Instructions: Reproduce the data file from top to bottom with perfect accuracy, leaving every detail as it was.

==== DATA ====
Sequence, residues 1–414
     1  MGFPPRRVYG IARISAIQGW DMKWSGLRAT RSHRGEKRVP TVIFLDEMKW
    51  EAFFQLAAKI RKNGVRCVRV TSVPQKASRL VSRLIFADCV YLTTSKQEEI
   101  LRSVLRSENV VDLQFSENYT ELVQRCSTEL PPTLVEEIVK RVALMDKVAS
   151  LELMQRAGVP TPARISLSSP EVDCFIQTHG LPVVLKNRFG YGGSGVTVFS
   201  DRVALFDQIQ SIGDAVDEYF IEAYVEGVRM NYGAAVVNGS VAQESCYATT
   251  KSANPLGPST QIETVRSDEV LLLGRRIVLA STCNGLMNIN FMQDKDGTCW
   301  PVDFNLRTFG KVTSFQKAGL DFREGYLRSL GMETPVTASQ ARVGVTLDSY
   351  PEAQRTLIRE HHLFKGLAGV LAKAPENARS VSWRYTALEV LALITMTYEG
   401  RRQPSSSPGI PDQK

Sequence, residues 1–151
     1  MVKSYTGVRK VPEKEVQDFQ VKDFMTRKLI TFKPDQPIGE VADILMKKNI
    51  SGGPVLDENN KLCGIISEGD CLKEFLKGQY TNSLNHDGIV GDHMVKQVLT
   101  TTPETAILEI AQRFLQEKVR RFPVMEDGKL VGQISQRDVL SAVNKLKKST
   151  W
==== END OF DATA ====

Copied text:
Sequence, residues 1–414
     1  MGFPPRRVYG IARISAIQGW DMKWSGLRAT RSHRGEKRVP TVIFLDEMKW
    51  EAFFQLAAKI RKNGVRCVRV TSVPQKASRL VSRLIFADCV YLTTSKQEEI
   101  LRSVLRSENV VDLQFSENYT ELVQRCSTEL PPTLVEEIVK RVALMDKVAS
   151  LELMQRAGVP TPARISLSSP EVDCFIQTHG LPVVLKNRFG YGGSGVTVFS
   201  DRVALFDQIQ SIGDAVDEYF IEAYVEGVRM NYGAAVVNGS VAQESCYATT
   251  KSANPLGPST QIETVRSDEV LLLGRRIVLA STCNGLMNIN FMQDKDGTCW
   301  PVDFNLRTFG KVTSFQKAGL DFREGYLRSL GMETPVTASQ ARVGVTLDSY
   351  PEAQRTLIRE HHLFKGLAGV LAKAPENARS VSWRYTALEV LALITMTYEG
   401  RRQPSSSPGI PDQK

Sequence, residues 1–151
     1  MVKSYTGVRK VPEKEVQDFQ VKDFMTRKLI TFKPDQPIGE VADILMKKNI
    51  SGGPVLDENN KLCGIISEGD CLKEFLKGQY TNSLNHDGIV GDHMVKQVLT
   101  TTPETAILEI AQRFLQEKVR RFPVMEDGKL VGQISQRDVL SAVNKLKKST
   151  W